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Set in Edwardian times the layout depicts a small pier tramway with a working carousel at the Pier Head. A Southend Pier 1890 "Toastrack" Car provides the passenger service.
Updated 02/06/2024

© 2024 Dave Carson

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Why Walmington?

It was simple, just days before this layout's first exhibition at Tonbridge Model Railway Club in 2001 I received a phone call from one of their exhibition committee telling me that a flu epidemic had knocked out some of their visiting exhibitors and was asked if I could bring this pier tramway layout along? I was initially hesitant due to its small size and limited operation but agreed.

Now it came to the name of this layout - I didn't have a clue what to call it and during our conversation, the theme from the TV comedy series 'Dad's Army' was heard on our respective televisions, as Dad's Army was based in the fictitious town of Walmington-on-Sea, we agreed to call the layout 'Walmington Pier Tramway' - the original name.

The rest is history!!!



Walmington Pier opened in 1898 as a promenade pier and landing stage for steamers sailing out of London. The town council waited for hundreds of passengers... but instead they preferred Herne Bay, Margate or Southend-on-Sea. After a year of virtually no passengers the council sold the pier for an undisclosed sum to a few local entrepreneurs who formed the Walmington Pier Company.


The new directors looked closely at their rivals in Herne Bay and Southend. These piers had two things in common - both were very long and both had electric tramways. Walmington Pier was only 230 feet (70 metres) long, but an electric tramway was a 'must have'.

The result was a narrow-gauge single-track tramway. Walmington Pier Tramway opened for the 1900 summer season and a German-built carousel was constructed at the pier head. The passenger tram was a single 'toastrack' tram loaned from Southend Pier Railway. The pier was retitled 'New Walmington Pier' to show off its rejuvenation


The tramway ran until the Second World War, when the pier closed and breached as a defensive measure, the local Home Guard platoon captained by George Mainwaring, the local bank manager, used the remains as an observation post, and after the war the pier was demolished. With the population dwindling, the Ministry of Defence requisitioned Walmington as part of their military ranges in this area. No 'official' traces of the town exist.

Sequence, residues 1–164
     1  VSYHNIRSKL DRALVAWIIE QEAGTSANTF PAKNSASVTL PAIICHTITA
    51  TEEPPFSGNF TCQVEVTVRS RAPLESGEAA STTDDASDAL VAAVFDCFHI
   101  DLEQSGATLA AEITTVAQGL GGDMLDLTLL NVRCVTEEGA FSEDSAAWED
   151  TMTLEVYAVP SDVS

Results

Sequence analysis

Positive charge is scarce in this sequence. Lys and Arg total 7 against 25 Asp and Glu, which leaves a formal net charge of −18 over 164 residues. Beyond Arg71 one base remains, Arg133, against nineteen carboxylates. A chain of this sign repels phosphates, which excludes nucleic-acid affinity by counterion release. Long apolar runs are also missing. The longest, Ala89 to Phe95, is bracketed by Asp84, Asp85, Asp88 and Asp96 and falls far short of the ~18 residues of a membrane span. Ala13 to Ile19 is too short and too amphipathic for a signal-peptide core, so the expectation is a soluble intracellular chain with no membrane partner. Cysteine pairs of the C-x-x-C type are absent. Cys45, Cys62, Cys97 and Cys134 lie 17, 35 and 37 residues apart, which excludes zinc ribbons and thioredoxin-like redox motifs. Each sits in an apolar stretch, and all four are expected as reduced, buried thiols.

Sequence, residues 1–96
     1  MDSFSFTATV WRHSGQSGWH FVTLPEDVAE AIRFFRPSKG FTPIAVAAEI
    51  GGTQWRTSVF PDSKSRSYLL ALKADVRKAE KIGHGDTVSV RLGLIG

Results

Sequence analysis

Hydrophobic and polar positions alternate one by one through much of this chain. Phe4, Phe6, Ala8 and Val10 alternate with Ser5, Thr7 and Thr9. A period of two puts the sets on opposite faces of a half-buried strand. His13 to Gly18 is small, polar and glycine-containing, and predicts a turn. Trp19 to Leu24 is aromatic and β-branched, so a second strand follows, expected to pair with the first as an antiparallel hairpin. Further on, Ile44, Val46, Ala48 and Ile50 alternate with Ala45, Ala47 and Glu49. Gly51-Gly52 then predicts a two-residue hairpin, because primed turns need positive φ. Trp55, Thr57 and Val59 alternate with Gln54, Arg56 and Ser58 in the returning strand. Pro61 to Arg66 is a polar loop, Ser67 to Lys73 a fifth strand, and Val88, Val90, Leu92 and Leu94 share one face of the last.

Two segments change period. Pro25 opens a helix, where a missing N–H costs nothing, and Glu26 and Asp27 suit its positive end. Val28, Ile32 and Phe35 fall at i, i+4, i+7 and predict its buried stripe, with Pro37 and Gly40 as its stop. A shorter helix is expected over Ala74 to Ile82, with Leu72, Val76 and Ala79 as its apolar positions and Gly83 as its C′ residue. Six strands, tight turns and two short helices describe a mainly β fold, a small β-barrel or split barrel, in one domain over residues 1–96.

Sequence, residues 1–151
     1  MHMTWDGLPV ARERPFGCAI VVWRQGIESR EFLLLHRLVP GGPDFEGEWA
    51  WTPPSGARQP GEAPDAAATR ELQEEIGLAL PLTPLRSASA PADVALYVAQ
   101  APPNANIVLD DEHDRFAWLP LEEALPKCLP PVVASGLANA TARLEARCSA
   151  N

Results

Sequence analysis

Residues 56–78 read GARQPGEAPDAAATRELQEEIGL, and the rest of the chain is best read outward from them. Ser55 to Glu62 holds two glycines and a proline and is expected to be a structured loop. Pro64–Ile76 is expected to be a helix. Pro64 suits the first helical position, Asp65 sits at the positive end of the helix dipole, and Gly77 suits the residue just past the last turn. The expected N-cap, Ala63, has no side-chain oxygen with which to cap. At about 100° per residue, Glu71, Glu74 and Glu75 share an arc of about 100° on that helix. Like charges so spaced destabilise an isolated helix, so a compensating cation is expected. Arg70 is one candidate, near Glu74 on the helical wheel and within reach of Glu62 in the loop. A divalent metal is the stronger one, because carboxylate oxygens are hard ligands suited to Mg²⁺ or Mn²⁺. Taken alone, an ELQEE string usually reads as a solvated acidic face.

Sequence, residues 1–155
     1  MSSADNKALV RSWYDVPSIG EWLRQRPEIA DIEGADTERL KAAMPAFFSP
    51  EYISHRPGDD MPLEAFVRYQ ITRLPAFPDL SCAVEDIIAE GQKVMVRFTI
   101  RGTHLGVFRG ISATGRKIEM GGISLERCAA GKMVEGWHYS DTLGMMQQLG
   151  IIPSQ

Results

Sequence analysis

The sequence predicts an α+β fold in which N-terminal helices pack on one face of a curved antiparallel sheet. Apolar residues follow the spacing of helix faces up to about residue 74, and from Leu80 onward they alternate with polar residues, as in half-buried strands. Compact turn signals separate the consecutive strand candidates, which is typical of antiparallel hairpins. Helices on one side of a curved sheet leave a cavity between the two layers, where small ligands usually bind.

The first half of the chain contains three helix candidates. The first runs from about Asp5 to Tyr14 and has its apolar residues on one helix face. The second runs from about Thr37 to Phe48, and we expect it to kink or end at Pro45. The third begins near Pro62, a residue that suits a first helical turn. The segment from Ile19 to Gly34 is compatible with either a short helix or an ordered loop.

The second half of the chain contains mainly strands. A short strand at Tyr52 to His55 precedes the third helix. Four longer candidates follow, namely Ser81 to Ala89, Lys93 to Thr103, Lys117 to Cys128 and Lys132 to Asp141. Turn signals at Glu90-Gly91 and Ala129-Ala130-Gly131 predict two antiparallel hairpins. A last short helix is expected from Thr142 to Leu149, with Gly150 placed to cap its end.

I was born in Aberdeen in 1954 and moved to Southend-on-Sea in 1959 where I grew up in sight and sound of Southend Pier  and the 'clunk clunk clunk' of the electric pier trains until 1971. I wrote about Southend Pier Railway for my GCE 'O' Level History project. In 1990 I joined forces with transport author Ken Frost (RIP) and together we co-wrote the second edition of his book 'Southend Pier Railway' (now out of print). 


Now living in Suffolk, I still take time out to visit Southend and Hythe Piers at least annually taking photos to update my 'Southend Pier Railway Group' Facebook page and my 'Piers of the Realm' talk. I have been a railway modeller since getting my first train set in 1962, and I decided to build a pier tramway layout initially as a low-cost, short-lived experiment - How wrong could I be!!!

So Walmington Pier was refurbished to New Walmington Pier with a 'OO9' scale (4mm to 1 foot, 9mm gauge track) in early 2017. In 2019 the layout was revamped with a backscene and laser-cut wood railings replacing plastic railings. 2023 saw the addition of a pier shelter based upon those at Ramsgate and the arrival of Southend Local Board Crompton Electric Railway 9 - Another Shapeways/Westgate Models 3D print of a Southend Pier Toastrack Car finished by Derek Smith similar to the car preserved at Chelmsford Museum.


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Passengers wait for the pier tram.

An old Walmington Horse Tram Company body is the shore shelter. On the beach under the pier is a 'Bathing Machine' (mobile ladies changing unit) characterising the Victorian and Edwardian beach scene.
Dominating the corner is the hydraulic lift connecting between beach and esplanade.